Lebanon was to start consultations on Monday to name a new premier, with the envoy to Berlin emerging as a front-runner, as French President Emmanuel Macron was to visit the disaster-hit country.
Adib, a relatively unknown 48-year-old diplomat and close aide to former prime minister Najib Mikati, has received backing from the country's Sunni Muslim political heavyweights, including the Future Movement party headed by former premier Saad Hariri.
Adib still needs to be formally endorsed during Monday's consultations, but President Michel Aoun and Lebanon's Shiite Muslim Hezbollah movement have both vowed to agree on any nominee supported by the country's top Sunni political figures.
Under multi-confessional Lebanon's political system, the premier must be a Sunni, the presidency is reserved for a Maronite Christian and the post of parliamentary speaker goes to a Shiite.
Consultations to name a new prime minister were set to start at 0600 GMT in the presidential palace in Baabda near Beirut, with a meeting between the president and former premier Mikati, who was expected to name Adib.
The president was expected to conclude consultations at 1015 GMT, according to the National News Agency.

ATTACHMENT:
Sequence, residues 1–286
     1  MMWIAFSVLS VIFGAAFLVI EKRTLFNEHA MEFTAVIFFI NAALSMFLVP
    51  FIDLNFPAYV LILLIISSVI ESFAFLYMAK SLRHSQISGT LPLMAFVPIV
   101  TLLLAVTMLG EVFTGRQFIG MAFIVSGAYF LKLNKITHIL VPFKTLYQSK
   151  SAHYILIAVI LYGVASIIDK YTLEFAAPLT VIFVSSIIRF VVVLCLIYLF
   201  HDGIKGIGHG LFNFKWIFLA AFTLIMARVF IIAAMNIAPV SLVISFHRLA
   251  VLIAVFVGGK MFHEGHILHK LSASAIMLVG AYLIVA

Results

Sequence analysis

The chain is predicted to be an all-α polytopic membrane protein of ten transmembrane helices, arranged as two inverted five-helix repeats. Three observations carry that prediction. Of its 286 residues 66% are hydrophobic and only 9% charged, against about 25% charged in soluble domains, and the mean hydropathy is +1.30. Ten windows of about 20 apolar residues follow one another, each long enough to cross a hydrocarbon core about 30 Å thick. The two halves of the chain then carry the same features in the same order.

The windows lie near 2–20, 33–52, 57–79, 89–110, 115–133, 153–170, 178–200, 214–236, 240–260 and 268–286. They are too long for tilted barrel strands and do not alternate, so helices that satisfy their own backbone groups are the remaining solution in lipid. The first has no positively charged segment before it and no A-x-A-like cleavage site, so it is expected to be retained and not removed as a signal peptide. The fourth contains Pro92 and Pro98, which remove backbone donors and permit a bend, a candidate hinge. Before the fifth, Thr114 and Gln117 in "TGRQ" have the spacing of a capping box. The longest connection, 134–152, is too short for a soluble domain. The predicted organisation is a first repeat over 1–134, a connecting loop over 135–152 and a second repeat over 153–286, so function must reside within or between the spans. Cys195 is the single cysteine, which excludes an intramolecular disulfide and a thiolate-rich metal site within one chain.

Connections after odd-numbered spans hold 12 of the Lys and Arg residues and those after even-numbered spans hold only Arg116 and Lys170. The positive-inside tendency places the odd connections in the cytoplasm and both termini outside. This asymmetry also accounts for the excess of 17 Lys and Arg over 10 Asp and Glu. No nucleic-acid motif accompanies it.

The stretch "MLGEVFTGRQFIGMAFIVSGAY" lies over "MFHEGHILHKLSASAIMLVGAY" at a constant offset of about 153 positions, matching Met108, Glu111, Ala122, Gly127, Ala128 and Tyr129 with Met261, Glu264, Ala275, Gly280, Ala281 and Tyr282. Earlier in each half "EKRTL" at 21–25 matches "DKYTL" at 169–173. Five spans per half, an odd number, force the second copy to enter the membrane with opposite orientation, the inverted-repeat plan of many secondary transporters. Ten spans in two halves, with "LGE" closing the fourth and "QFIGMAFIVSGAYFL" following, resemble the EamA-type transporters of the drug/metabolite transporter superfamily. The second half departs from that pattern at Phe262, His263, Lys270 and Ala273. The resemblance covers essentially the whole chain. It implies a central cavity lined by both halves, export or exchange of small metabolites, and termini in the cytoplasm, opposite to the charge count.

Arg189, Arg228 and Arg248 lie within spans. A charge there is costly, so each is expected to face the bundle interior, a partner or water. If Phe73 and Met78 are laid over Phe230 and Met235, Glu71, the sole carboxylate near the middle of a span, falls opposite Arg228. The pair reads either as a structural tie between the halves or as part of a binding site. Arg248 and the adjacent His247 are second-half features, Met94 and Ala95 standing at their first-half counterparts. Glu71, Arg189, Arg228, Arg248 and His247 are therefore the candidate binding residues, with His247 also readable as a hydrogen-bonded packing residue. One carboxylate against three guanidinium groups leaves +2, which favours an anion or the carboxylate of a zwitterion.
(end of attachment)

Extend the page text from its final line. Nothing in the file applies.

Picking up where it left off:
A majority of lawmakers must decide on whom to name as premier before Aoun tasks the candidate with forming a new government, an often drawn-out process that can take months.
That disaster came amid the country's worst economic crisis in decades as well as the coronavirus outbreak and at a time of widespread popular discontent with Lebanon's entire political class.
Those who have taken to the streets in mass protests since October 17 against the politicians they deem corrupt and inept have already rejected any name that might emerge from the parliamentary consultations.
Macron will be in Lebanon on Monday and Tuesday for his second visit since the massive explosion.
Macron weeks ago warned that Lebanese leaders have a "huge" responsibility -- "that of a revamped pact with the Lebanese people in the coming weeks, that of deep change".
On Friday, he spoke of the "constraints of a confessional system" in a country populated by Christians, Sunni and Shiite Muslims.
"If we let Lebanon go in the region and if we somehow leave it in the hands of the depravity of regional powers, it will be civil war," Macron said.
Adib holds a PhD in political science and taught at a Lebanese university before being named in 2013 as Lebanon's ambassador in Germany.